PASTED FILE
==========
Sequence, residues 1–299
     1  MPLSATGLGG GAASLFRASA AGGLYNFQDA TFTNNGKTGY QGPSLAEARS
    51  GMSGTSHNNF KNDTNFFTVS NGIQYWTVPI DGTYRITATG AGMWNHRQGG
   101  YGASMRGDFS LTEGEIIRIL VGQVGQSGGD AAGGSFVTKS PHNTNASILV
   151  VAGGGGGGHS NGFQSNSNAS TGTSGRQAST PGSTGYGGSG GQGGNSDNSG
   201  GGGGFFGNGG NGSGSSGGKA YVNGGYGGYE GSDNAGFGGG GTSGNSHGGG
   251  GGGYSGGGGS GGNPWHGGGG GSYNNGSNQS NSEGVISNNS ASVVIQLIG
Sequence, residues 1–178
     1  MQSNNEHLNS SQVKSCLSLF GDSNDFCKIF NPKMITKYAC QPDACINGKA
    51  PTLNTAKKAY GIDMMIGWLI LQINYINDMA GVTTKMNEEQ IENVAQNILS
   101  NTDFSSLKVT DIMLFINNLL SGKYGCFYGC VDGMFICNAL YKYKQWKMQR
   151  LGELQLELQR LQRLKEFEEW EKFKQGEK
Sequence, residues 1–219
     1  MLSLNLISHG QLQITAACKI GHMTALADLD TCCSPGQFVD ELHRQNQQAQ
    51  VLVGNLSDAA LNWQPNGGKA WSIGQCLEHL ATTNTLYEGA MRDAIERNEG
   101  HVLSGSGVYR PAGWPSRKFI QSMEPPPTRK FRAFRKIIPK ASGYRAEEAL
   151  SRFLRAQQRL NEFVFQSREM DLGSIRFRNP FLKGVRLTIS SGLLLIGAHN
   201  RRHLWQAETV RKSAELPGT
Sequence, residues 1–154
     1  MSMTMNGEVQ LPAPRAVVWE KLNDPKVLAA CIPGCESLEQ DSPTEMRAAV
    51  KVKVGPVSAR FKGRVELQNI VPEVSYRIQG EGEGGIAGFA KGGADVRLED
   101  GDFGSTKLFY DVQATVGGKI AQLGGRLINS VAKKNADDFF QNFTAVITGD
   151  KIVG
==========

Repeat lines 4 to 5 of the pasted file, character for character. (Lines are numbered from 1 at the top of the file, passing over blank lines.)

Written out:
   101  YGASMRGDFS LTEGEIIRIL VGQVGQSGGD AAGGSFVTKS PHNTNASILV
   151  VAGGGGGGHS NGFQSNSNAS TGTSGRQAST PGSTGYGGSG GQGGNSDNSG